5 Key Steps to Writing an Effective Abstract
You’ve worked incredibly hard on your research paper, and you’re not going to let it languish somewhere, hidden away from the world—you want people to read and cite it. You want it to be part of the academic conversation and to make a difference.
After looking at different academic journals that cover your field, you’ve finally decided where to submit your paper for consideration. It’s important to make this decision carefully because each journal has a different scope and can expose your paper to a different audience—you don’t want to waste time approaching irrelevant publications. Every journal out there has its own submission guidelines, so make sure you read those very carefully, but the one thing nearly all of them will require (besides a manuscript, of course) is an abstract.
An abstract serves as a type of summary of the study, a quick look at what the reader can expect from the full text. It includes important information such as the main problem or focus, the research methodology, the findings, and the conclusion of the study. It’s not like a book blurb for a novel—in an academic abstract, you have to give away the ending. In this sense, it’s like a dramatically condensed version of your full paper. The abstract will also show up in databases and indexes, so it’s important to give it the attention it deserves as it’s the first thing people will read when researching your topic. Your abstract will generally inform prospective readers’ decision on whether to give your full paper a chance.
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Though writing an abstract might sound straightforward, a lot of academic writers struggle with it because they have to cram their entire research into a paragraph or two (the exact word count of an abstract depends on a journal’s guidelines). It’s hard to condense all your work into so few words, and it requires discernment to determine what to include. So, let’s take a look at the key steps in writing an effective abstract.
1. State the main problem or focus
The first thing the editorial board of an academic journal will want to know is what your paper is about, so the introduction of your abstract should state the main problem or focus of your research in the clearest and most concise way possible. This should be the first thing you mention in your abstract as it sets the stage for your study.
Remember that your abstract might be your only chance to impress an editor and make them want to read your entire paper, so include some context and be sure to mention any distinctive or innovative angles that make your work stand out from others on the same topic. With millions of academic papers published every year, showing why yours is uniquely valuable is key to success.
2. Outline the research methodology
Once you’ve stated your main focus, you should outline any relevant or innovative methodologies or data sources you used in your research. You’ll also want to define the purpose of your research by stating why it’s important—if you can’t justify its value, readers won’t invest their time in it. You can also mention any gaps in knowledge or previous research that aided your work to strengthen the argument for its worth. If space allows, mention anything that makes your paper unique or particularly valuable.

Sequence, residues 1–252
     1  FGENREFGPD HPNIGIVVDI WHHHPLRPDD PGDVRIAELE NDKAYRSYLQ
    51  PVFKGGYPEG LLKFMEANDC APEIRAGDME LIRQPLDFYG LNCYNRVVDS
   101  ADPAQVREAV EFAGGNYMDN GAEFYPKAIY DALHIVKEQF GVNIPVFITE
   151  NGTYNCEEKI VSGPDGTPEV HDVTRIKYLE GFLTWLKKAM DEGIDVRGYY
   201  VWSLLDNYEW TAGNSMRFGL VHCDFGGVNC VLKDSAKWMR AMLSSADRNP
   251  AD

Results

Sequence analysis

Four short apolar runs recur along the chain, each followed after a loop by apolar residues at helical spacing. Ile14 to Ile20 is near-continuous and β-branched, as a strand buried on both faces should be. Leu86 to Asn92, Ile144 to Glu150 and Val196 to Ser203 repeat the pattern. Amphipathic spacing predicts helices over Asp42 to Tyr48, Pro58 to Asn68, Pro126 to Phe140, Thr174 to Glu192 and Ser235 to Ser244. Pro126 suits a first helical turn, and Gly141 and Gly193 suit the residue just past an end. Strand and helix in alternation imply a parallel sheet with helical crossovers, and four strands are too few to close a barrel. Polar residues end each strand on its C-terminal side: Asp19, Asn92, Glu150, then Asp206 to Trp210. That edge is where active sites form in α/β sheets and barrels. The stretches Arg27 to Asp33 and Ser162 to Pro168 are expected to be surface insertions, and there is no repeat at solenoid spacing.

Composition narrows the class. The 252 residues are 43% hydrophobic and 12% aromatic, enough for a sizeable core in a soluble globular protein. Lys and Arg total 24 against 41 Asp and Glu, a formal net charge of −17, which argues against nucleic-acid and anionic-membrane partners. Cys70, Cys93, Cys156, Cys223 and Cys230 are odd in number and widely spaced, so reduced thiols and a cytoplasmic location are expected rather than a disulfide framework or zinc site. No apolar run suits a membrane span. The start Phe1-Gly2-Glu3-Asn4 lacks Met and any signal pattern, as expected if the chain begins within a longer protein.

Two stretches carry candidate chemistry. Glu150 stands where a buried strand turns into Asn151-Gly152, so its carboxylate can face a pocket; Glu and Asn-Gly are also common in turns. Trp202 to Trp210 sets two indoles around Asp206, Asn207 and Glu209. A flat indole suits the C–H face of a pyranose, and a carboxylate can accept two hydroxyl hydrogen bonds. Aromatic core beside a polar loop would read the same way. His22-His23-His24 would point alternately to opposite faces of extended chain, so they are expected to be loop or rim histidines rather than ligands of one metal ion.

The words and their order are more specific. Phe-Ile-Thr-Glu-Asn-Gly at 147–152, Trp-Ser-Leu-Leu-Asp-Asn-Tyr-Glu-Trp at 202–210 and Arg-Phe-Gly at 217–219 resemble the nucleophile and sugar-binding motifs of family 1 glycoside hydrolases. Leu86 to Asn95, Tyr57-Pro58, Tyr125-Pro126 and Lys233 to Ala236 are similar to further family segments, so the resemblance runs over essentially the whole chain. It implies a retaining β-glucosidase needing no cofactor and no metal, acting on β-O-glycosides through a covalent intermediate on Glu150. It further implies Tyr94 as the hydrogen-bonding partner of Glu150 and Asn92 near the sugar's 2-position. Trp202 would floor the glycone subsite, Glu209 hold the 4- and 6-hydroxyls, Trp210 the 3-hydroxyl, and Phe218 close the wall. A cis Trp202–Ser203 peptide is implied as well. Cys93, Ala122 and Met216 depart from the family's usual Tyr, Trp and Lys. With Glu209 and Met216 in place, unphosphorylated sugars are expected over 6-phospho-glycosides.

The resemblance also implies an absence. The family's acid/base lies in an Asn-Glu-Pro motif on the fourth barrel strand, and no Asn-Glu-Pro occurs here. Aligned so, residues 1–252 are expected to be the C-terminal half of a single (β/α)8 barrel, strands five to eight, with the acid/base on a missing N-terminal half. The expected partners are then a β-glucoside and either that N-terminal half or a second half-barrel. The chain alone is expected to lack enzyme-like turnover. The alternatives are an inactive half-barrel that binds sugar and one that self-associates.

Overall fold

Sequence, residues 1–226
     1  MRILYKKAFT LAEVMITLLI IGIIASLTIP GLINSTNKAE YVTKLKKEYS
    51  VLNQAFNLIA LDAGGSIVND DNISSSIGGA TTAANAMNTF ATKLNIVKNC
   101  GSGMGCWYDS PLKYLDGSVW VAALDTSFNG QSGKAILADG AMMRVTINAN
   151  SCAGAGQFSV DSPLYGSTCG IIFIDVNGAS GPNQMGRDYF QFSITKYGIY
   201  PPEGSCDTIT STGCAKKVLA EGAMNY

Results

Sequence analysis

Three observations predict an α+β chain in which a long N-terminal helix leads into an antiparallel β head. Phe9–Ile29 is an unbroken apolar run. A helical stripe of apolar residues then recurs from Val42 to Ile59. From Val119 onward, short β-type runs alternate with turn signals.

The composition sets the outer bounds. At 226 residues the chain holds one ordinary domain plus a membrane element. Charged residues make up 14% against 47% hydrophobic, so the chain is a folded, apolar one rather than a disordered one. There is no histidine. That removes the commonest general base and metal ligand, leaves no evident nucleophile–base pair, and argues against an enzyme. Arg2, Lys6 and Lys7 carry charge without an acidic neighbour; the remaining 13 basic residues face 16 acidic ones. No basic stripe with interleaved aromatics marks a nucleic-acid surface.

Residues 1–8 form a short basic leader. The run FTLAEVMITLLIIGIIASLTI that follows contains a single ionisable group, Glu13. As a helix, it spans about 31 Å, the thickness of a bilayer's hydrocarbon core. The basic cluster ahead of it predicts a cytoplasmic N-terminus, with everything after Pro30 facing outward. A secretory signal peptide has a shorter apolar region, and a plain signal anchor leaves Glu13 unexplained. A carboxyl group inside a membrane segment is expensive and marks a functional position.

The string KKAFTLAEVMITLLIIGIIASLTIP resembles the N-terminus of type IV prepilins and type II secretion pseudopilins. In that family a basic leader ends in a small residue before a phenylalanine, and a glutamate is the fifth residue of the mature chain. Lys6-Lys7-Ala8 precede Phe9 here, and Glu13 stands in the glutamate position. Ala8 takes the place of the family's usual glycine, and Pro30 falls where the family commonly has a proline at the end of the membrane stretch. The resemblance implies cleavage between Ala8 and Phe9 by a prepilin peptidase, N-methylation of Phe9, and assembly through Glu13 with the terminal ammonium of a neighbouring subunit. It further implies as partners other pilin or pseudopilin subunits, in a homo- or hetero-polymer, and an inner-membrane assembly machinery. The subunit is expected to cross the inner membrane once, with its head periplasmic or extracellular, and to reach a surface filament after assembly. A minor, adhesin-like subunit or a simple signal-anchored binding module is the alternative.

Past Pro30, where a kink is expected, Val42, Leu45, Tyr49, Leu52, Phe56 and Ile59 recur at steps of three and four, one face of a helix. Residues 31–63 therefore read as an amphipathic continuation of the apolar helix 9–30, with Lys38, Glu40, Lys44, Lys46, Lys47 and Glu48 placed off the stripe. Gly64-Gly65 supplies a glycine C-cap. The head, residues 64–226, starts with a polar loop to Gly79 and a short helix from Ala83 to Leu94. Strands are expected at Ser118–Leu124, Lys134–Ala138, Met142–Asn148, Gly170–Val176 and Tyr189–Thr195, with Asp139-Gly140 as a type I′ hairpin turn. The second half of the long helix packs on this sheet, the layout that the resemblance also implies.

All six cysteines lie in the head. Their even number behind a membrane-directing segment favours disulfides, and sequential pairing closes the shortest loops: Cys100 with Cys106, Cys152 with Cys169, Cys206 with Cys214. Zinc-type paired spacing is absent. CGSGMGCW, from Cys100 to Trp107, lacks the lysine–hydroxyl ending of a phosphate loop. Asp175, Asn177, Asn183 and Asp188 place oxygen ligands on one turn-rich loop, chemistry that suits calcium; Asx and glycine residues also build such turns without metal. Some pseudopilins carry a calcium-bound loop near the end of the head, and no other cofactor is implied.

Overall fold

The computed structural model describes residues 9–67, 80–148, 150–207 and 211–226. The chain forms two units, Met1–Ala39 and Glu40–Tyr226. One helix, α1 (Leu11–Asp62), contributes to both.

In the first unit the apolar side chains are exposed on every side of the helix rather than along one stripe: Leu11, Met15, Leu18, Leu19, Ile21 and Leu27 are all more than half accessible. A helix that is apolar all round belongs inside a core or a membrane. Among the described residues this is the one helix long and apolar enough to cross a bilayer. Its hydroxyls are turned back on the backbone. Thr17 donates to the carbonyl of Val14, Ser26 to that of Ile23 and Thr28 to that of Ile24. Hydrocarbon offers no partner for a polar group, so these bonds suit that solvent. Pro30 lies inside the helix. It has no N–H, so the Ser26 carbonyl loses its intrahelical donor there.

3. Disclose your findings and conclusion
You obviously don’t want to give away every detail, but this is the section to which you should allocate the highest number of words. It’s your chance to summarize what you have discovered and what your key findings are so that editors and readers know what to expect from your article. Your results and conclusions are the most important part of your research, the part that can spur advances in your field, so make sure you give them proper attention in your abstract. Include key conclusions and any new facts that will make prospective readers want to learn more.
4. Embed relevant keywords
Many writers don’t start thinking about the abstract before they’ve finished their manuscript, which doesn’t leave much time to craft a well-written, carefully thought-out summary or to embed the right keywords to facilitate online discovery after publication.
Of course, you can’t summarize a paper that hasn’t been written yet, so we’re not saying you should write your abstract before your paper is done—we suggest keeping notes while writing your manuscript so when the time comes, you already have an outline or at least a list of keywords you want to embed in the abstract. In particular, you should focus on including words relevant to your theme or theory and those in your title to ensure consistency across the paper and the abstract. Keywords are also vital for SEO purposes, helping interested readers discover your work.
5. Mind your language
An abstract should be direct, clear, and concise, focusing on information rather than prose, but that doesn’t mean you can get away with bad writing. You have a lot of information to pack into a small space, so the tighter your writing is, the more details you can include. The abstract is the first taste of your writing editors and readers will get, so make it sound good, too—poor writing will erode your credibility, even if your field has nothing to do with writing.
Use the present tense and don’t waste too many words on explanatory or descriptive clauses that make the language flowery, but do make sure it flows smoothly and naturally, without sounding forced or dry. It’s certainly a delicate balance, which is why you want to give yourself enough time to compose your abstract, edit it properly, and get feedback on it from other people.
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